The Lincoln Presidential Half Marathon might attract history buffs before it attracts runners. The course description on the race website states, “The race starts and finishes at the Old State Capitol where Lincoln gave his famous House Divided speech. Just across the plaza from the Capitol, within the first quarter mile of the race, is the Lincoln-Herndon Law Offices. This is the only building still standing where Lincoln practiced law during his 25-year career. Not even a mile into the race, runners go back in time for two blocks, passing by the only home Abraham Lincoln ever owned,” and so on. Clearly, race directors designed the course in a manner that gives runners the opportunity to sight-see as they complete the half marathon. In addition, instead of the typical starting gun, the race boasts Civil War re-enactors who shoot off musket guns. And the luckiest of runners get the chance to cross the finish line hand-in-hand with an Abraham Lincoln impersonator. As one runner proclaimed, “So much history in just 13.1 miles!”
In 1979, at the height of the distance running boom in the United States, the Washington Post observed, “Running has been hyped and heralded as the sport that requires nothing and no one.” Yet, runners who travel and plan weekends around a race don’t simply step out of their front door for fresh air. They have the time, money, and desire to make these race weekends happen. And though some runners might seek an archaic experience, one that heralds them as environmentalists who desire a world untouched by modernity, such a “back to nature” ethos is contradictory in the means of attaining such desires.
Themed races reveal a more complicated story. The Avenue of the Giants Marathon, the Bird-in-Hand Half Marathon, the Gettysburg Festival of Races, and the Lincoln Presidential Half Marathon highlight not only the ways in which the public seek to engage with history, but what types of history are deemed important and worth experiencing. Although these races are romantic and tacky expressions of particular time periods and events, they do show that the public is, in some way, thinking about history. Whether it be the desire to run an environmentally idealized course, or whether it be the observation of historic sites like buildings and battlefields, these are all aspects of history that runners, though maybe unknowingly, have grappled with.
As for the oldest annual marathon, the Boston Marathon, it is one of the most competitive marathons in the world and runners must run a qualifying time to register. The Boston Athletic Association does not market the race as a themed-tourist trap marathon, but that doesn’t mean the city doesn’t rally around its history and the influx of runners who become tourists. Runners sometimes train for years to qualify and travel internationally to experience the race and its atmosphere, one created by runners and spectators alike who have established their own touristy ambiance. What would the Boston Marathon be if New Englanders chose not to tailgate on their front lawns while blasting Neil Diamond’s “Sweet Caroline” as runners pass by? Don’t forget to purchase a marathon themed t-shirt with an image of the famed Citgo sign from a street vendor! And what is better than a post-race grub fest at the historic Quincy Market?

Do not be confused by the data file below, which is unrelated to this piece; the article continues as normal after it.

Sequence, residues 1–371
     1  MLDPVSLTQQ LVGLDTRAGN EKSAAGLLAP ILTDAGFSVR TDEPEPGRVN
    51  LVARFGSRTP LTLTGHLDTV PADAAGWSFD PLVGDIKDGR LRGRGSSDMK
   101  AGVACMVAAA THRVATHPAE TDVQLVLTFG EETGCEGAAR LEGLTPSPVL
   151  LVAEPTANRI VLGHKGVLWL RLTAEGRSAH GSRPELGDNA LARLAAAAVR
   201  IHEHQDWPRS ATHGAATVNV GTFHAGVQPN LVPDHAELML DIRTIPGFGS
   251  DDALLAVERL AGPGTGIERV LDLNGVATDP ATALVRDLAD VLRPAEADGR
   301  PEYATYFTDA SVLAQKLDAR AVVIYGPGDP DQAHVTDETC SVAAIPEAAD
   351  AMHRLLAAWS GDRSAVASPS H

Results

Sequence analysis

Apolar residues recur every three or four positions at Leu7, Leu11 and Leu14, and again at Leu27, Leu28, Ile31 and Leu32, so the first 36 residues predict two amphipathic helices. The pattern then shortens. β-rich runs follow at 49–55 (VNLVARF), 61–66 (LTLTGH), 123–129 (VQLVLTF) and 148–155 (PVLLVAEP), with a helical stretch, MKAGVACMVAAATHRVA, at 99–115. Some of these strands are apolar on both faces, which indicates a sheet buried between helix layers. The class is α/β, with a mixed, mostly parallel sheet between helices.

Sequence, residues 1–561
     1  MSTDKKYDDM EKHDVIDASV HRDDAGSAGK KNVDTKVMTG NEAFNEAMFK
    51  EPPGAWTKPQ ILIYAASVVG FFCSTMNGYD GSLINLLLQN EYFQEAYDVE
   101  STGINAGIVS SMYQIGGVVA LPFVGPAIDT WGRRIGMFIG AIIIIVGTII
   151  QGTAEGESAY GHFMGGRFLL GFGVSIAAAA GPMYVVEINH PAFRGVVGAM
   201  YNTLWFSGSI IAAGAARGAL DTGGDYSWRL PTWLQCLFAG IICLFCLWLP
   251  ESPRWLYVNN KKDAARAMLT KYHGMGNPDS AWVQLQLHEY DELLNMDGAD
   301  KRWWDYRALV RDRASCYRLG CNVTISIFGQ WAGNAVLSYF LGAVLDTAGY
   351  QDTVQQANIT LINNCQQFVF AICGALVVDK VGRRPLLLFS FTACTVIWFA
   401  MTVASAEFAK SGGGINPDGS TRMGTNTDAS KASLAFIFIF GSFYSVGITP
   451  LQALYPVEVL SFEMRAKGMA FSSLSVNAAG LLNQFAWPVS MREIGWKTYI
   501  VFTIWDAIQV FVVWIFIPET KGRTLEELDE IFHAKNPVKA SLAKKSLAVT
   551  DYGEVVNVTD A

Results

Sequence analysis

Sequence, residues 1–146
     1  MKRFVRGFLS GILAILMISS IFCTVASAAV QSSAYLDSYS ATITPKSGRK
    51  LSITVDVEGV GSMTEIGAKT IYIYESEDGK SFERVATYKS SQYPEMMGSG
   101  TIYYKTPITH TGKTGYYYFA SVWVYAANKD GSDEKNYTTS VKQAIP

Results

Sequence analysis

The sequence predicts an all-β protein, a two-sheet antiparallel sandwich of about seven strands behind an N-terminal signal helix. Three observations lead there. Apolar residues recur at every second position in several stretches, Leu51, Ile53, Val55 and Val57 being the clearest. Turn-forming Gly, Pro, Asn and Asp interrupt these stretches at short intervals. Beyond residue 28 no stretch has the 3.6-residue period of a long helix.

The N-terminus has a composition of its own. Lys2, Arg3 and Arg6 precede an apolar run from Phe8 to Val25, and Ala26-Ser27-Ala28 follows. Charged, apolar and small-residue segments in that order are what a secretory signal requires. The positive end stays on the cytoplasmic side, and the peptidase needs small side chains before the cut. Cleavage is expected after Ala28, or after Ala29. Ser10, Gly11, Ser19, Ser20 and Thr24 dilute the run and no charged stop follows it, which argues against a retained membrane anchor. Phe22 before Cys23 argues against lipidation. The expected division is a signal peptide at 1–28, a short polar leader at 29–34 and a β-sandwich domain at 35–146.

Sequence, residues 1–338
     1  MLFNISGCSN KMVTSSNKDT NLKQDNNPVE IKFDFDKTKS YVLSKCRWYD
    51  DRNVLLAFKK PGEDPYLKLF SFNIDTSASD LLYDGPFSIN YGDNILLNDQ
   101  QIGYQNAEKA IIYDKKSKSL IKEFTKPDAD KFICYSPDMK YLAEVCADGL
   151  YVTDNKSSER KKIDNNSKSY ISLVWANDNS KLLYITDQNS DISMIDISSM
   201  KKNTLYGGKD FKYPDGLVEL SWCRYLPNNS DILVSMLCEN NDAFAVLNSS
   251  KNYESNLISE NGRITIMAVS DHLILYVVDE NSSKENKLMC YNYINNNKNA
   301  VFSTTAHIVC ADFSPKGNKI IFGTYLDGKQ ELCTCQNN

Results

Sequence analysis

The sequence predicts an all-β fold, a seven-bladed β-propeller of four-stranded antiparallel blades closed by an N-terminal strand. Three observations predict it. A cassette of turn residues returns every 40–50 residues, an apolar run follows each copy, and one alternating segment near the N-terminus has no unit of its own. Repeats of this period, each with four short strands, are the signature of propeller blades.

Jane Leavy and Susan Okie, “The Runner: Phenomenon Of the ‘70s,” The Washington Post (September 30, 1979).
 For an excellent overview of the race, class, and gender dynamics that surround running, see “Video: How Running’s White Origins Led To The Dangers of ‘Running While Black,’” NPR (July 18, 2020). For background on the political meanings behind the emergence of the distance running boom, see Aaron Haberman’s “Thousands of Solitary Runners Come Together: Individualism and Communitarianism in the 1970s Running Boom,” Journal of Sports History 44, no. 1 (Spring 2017): 35-49. For more on fitness culture and why people chose to run in the postwar era, see Shelly McKenzie’s, Getting Physical: The Rise of Fitness Culture in America (Lawrence, KS: University Press of Kansas, 2013).
*Cover image: A decorated Quincy Market in Boston, Massachusetts on the day of the Boston Marathon in 2019. Photo by author.
[Cover image description: a group of people gathered around the front of a market complex on a crisp, blue-skied day. The building boats a large banner that reads “Welcome Runners,” and hangs between two of the building’s columns. Two vertical banners hang on the columns themselves.]